Hunching over a computer every day takes its toll on your back, neck and hips. I spend almost my whole day at the computer and last year it really started to become a problem. At first I had a little tightness in just my back and shoulders, but it progressed to sharp pains in my hip. It reached the point where the pain became distracting and actually made it difficult to work. The pain in my hip had become a real pain in the butt. It ended up being a particularly big problem while writing my book (shameless plug: The Upward Spiral: Using Neuroscience to Reverse the Course of Depression). And since the whole book is based on practical methods of changing your brain activity, I figured I should follow my own advice and do something about it.
I tried dictating into my iPhone, but found it awkward. I tried a standing desk, but still wasn’t comfortable. On top of that, working from home, I was having a really hard time focusing. I knew yoga would help with both the pain and the focus, but I didn’t have the time or the energy for a 90-minute class. So I decided to try something radical: 90 seconds of yoga.
As I discussed in an earlier article, yoga helps reshape the brain’s stress response. But does brief yoga help? In my own experience, yes. After just a week I felt less pain and had an easier time focusing. But was this just a placebo effect or is there something more to it? Let’s look at the scientific evidence.
Unfortunately, there are no direct studies of 90-second-yoga, but studies have shown that even 20 minutes of yoga is beneficial. And there are studies of yoga’s different components – stretching and meditation – that prove their benefits even when practiced briefly.
Let’s start with stretching. Stretching briefly every day helps improve flexibility and can reduce pain. One study, published in the journal Physical Therapy, wanted to find out the shortest amount of stretching that is still beneficial. They had subjects stretch their hamstrings for one of three durations every day: sixty seconds, thirty seconds or fifteen seconds. They found that thirty seconds of stretching per day is just as good as sixty seconds for increasing hamstring flexibility, and subjects improved by about 13%. However, even fifteen seconds a day produced benefits, increasing flexibility by about 8% (Bandy 1994). The fact that muscles can be relaxed with even brief stretching is important, because physical muscle relaxation helps reduce psychological stress (Nakaya 2004). Stretching every day will help you feel more relaxed.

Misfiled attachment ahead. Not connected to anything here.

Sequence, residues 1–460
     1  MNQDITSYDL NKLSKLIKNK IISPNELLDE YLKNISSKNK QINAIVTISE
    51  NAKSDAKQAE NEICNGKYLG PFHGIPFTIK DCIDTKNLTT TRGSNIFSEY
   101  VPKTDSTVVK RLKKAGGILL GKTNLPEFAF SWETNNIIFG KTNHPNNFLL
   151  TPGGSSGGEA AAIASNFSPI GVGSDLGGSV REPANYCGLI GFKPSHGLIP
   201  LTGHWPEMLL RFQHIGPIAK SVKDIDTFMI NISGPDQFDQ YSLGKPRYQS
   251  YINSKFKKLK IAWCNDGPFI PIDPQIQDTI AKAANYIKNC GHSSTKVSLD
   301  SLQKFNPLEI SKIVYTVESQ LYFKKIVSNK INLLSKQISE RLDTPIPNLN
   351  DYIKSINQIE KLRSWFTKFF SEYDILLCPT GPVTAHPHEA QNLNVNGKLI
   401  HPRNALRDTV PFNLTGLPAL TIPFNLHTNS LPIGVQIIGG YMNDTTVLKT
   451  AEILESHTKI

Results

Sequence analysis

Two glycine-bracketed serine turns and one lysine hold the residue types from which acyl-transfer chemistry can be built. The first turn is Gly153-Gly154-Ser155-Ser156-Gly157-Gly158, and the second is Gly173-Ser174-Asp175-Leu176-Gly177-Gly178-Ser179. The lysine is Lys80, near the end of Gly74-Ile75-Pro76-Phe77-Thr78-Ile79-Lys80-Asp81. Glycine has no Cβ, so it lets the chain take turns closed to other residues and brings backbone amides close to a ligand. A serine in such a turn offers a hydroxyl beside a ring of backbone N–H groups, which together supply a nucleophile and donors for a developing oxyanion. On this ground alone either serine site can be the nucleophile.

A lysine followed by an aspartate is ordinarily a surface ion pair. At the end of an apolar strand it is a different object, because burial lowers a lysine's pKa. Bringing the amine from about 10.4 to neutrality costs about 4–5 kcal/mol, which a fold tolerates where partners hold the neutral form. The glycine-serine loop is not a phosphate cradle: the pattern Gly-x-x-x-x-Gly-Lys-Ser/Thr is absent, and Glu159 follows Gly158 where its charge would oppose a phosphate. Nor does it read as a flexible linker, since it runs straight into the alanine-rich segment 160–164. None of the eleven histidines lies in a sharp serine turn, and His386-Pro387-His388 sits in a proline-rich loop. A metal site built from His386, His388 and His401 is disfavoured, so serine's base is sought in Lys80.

On top of physical stretching, yoga also provides an opportunity for active mediation. One study looked at the effect of brief mediation on brain circuits controlling attention and focus. They found that even ten minutes of meditation a day improved activity in these circuits (Moore 2012). It’s unknown whether these benefits would still exist for even shorter meditation, but it’s definitely a possibility, particularly when combined with the stretching components of yoga.
I do ninety seconds of yoga about four days a week. I’ve definitely seen the benefits in terms of increased focus and flexibility, and reduced stress and pain, and the research suggests that you could derive these same benefits. I don’t think the specific poses are particularly important, so long as you are present (focusing on your body and breath) and stretching. A forward fold, a back bend, and a few stretches of the major muscles in your body that get particularly tight.
An added benefit of brief yoga is that it’s practical. All your usual BS about how you don’t have the time or energy is no longer applicable, and you can just ignore the overthinking part of yourself and move on to improving your life.
If you liked this article then check out my new book on the neuroscience of depression:The Upward Spiral: Using Neuroscience to Reverse the Course of Depression, One Small Change at a Time (Now available for pre-order on Amazon). Release date: March, 1 2015.
Bandy, W.D., & Irion, J.M. 1994. The effect of time on static stretch on the flexibility of the hamstring muscles. Phys Ther, 74(9): 845-50; discussion 50-2.
Moore, A., Gruber, T., et al. 2012. Regular, brief mindfulness meditation practice improves electrophysiological markers of attentional control. Front Hum Neurosci, 6: 18.
Nakaya, N., Kumano, H., et al. 2004. Preliminary study: psychological effects of muscle relaxation on juvenile delinquents. Int J Behav Med, 11(3): 176-80.